The USS Meredith DD-434 was the second of four destroyers to bear the name. She was built at the Boston Naval Shipyard and launched on April 24, 1940. It would be nearly another year before she was commissioned and Lieutenant Commander William F. Mendenhall, Jr., placed in command.
Action in World War II
After a shakedown cruise near Cuba, the Meredith was assigned to patrol with the Destroyer Division 22. In September of 1941, she was sent to Iceland, where she was based out of Hvalfjörður and sailed the Denmark Straits, once rescuing the survivors of a struck British ship. After the U.S. entered the war, she continued to patrol the waters around Iceland, fighting submarines and escorting other ships, until returning to the east coast in February of 1942.
The Meredith left Norfolk, Virginia, with Task Force 18 and set sail for the Pacific. She was part of the Doolittle Raid on Tokyo, the first U.S. air attack on the Japanese home islands. This raid not only improved morale for the Allied troops, but also showed that the Japanese were not impervious to attack. After that, the ship performed escort duties throughout the Pacific, including New Caledonia, Samoa, and the Solomon Islands.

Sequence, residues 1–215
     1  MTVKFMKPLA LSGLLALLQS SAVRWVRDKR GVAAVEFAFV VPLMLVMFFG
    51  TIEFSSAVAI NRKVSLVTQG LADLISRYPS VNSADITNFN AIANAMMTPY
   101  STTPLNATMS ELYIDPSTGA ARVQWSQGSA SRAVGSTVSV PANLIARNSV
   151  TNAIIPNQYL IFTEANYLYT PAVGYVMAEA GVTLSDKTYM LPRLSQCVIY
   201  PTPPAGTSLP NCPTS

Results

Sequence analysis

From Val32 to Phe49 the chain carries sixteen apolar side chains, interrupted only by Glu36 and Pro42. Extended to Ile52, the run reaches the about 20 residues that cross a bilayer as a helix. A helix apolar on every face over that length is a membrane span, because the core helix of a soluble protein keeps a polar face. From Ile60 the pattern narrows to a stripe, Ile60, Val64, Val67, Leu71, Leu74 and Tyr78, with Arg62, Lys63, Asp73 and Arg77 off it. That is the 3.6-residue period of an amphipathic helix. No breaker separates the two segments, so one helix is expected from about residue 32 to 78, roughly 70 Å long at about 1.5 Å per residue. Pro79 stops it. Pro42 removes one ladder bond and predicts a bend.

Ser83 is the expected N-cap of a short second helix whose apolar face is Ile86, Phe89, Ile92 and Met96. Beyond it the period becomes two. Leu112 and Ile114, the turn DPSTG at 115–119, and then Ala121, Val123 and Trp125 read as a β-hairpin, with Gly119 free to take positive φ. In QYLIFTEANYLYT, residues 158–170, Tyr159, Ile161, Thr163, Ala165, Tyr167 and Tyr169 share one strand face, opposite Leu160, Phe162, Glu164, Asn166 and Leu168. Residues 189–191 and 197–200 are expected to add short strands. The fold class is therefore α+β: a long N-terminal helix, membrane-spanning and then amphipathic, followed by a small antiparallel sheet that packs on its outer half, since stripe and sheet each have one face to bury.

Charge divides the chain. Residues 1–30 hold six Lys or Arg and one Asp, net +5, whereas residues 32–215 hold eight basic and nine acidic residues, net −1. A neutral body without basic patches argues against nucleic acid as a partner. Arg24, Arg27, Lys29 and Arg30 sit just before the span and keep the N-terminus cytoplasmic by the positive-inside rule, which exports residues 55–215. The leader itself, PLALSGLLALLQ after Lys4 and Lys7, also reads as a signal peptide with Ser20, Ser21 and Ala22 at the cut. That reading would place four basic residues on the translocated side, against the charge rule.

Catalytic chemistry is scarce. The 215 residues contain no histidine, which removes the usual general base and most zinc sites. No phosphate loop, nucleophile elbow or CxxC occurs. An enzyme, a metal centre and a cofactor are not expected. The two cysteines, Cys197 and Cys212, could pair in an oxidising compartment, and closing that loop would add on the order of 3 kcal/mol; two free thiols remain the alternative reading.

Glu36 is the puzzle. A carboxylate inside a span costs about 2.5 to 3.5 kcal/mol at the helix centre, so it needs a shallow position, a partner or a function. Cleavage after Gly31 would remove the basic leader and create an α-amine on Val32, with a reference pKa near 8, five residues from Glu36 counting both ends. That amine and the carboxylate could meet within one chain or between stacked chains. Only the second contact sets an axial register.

Destruction at Vanuatu
Under the command of Commander Harry E. Hubbard, the Meredith left the island of Espiritu Santu in a convoy toting gasoline and explosives to the troops at Guadalcanal. While underway, the convoy learned of the presence of Japanese ships in the area, and though the fuel was badly needed, all but the Meredith and one other ship turned back. The sister ship was struck and the Meredith took on her survivors, but was soon attacked by Japanese planes.
Two bombs and a torpedo took out the ship’s communication, steering, and ammunition, and another 12 bombs and six torpedoes sent her to the bottom. Only 87 men survived the attack and the subsequent three days in the ocean before help came. The Meredith earned one battle star for her service.
Asbestos in Navy Ships
Although an essential component of the naval fleet, especially during World War II, naval destroyers also pose a lasting health risk to soldiers serving on them. Unfortunately, products containing asbestos were common, especially on older ships, because of the material’s high resistance to heat and fire. Despite its value as an insulator, asbestos fiber intake can lead to several serious health consequences, including mesothelioma, a devastating cancer without cure. Current and former military personnel who came into contact with these ships should seek immediate medical attention in order to detect possible health consequences associated with asbestos exposure.